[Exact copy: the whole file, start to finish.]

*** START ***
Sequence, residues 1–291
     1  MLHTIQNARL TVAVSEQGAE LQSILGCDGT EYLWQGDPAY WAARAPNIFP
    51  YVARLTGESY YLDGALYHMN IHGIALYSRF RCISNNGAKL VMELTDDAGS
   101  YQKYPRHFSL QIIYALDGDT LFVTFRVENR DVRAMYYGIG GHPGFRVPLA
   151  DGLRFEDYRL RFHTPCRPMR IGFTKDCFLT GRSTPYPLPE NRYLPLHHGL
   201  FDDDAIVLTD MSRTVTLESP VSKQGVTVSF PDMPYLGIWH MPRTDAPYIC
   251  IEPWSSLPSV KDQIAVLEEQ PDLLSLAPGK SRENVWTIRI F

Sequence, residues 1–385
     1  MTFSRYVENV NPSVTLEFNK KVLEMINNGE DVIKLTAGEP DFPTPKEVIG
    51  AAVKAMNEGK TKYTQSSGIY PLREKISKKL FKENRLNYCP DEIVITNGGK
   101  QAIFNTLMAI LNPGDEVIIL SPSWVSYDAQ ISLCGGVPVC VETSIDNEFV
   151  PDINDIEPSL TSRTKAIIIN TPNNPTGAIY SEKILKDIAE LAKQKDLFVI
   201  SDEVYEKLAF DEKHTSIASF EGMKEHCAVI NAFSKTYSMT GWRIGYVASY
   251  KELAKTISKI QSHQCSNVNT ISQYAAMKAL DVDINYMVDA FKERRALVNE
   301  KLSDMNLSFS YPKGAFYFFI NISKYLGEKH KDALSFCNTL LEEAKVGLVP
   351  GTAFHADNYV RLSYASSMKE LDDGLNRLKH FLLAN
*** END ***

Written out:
Sequence, residues 1–291
     1  MLHTIQNARL TVAVSEQGAE LQSILGCDGT EYLWQGDPAY WAARAPNIFP
    51  YVARLTGESY YLDGALYHMN IHGIALYSRF RCISNNGAKL VMELTDDAGS
   101  YQKYPRHFSL QIIYALDGDT LFVTFRVENR DVRAMYYGIG GHPGFRVPLA
   151  DGLRFEDYRL RFHTPCRPMR IGFTKDCFLT GRSTPYPLPE NRYLPLHHGL
   201  FDDDAIVLTD MSRTVTLESP VSKQGVTVSF PDMPYLGIWH MPRTDAPYIC
   251  IEPWSSLPSV KDQIAVLEEQ PDLLSLAPGK SRENVWTIRI F

Sequence, residues 1–385
     1  MTFSRYVENV NPSVTLEFNK KVLEMINNGE DVIKLTAGEP DFPTPKEVIG
    51  AAVKAMNEGK TKYTQSSGIY PLREKISKKL FKENRLNYCP DEIVITNGGK
   101  QAIFNTLMAI LNPGDEVIIL SPSWVSYDAQ ISLCGGVPVC VETSIDNEFV
   151  PDINDIEPSL TSRTKAIIIN TPNNPTGAIY SEKILKDIAE LAKQKDLFVI
   201  SDEVYEKLAF DEKHTSIASF EGMKEHCAVI NAFSKTYSMT GWRIGYVASY
   251  KELAKTISKI QSHQCSNVNT ISQYAAMKAL DVDINYMVDA FKERRALVNE
   301  KLSDMNLSFS YPKGAFYFFI NISKYLGEKH KDALSFCNTL LEEAKVGLVP
   351  GTAFHADNYV RLSYASSMKE LDDGLNRLKH FLLAN